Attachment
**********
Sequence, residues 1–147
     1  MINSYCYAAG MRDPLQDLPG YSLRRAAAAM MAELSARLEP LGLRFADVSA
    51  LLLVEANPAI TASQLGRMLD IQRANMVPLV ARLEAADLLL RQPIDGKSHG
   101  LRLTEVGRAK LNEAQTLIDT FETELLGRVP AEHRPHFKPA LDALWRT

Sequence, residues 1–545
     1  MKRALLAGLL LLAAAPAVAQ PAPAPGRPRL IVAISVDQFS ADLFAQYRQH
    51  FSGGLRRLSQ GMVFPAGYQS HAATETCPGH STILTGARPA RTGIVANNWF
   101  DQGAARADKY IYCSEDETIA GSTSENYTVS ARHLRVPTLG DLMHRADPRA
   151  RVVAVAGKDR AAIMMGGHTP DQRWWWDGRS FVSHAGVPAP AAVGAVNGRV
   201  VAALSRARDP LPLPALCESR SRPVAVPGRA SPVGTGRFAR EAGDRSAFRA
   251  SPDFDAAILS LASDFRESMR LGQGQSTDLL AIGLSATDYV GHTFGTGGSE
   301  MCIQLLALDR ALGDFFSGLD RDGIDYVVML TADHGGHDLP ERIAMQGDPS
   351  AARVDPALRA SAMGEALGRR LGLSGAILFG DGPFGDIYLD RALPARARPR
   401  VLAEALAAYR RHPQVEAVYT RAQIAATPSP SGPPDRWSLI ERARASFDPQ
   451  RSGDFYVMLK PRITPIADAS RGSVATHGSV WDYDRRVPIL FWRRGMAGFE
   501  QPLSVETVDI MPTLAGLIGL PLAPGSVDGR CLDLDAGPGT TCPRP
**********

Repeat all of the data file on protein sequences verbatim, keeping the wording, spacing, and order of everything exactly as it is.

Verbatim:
Sequence, residues 1–147
     1  MINSYCYAAG MRDPLQDLPG YSLRRAAAAM MAELSARLEP LGLRFADVSA
    51  LLLVEANPAI TASQLGRMLD IQRANMVPLV ARLEAADLLL RQPIDGKSHG
   101  LRLTEVGRAK LNEAQTLIDT FETELLGRVP AEHRPHFKPA LDALWRT

Sequence, residues 1–545
     1  MKRALLAGLL LLAAAPAVAQ PAPAPGRPRL IVAISVDQFS ADLFAQYRQH
    51  FSGGLRRLSQ GMVFPAGYQS HAATETCPGH STILTGARPA RTGIVANNWF
   101  DQGAARADKY IYCSEDETIA GSTSENYTVS ARHLRVPTLG DLMHRADPRA
   151  RVVAVAGKDR AAIMMGGHTP DQRWWWDGRS FVSHAGVPAP AAVGAVNGRV
   201  VAALSRARDP LPLPALCESR SRPVAVPGRA SPVGTGRFAR EAGDRSAFRA
   251  SPDFDAAILS LASDFRESMR LGQGQSTDLL AIGLSATDYV GHTFGTGGSE
   301  MCIQLLALDR ALGDFFSGLD RDGIDYVVML TADHGGHDLP ERIAMQGDPS
   351  AARVDPALRA SAMGEALGRR LGLSGAILFG DGPFGDIYLD RALPARARPR
   401  VLAEALAAYR RHPQVEAVYT RAQIAATPSP SGPPDRWSLI ERARASFDPQ
   451  RSGDFYVMLK PRITPIADAS RGSVATHGSV WDYDRRVPIL FWRRGMAGFE
   501  QPLSVETVDI MPTLAGLIGL PLAPGSVDGR CLDLDAGPGT TCPRP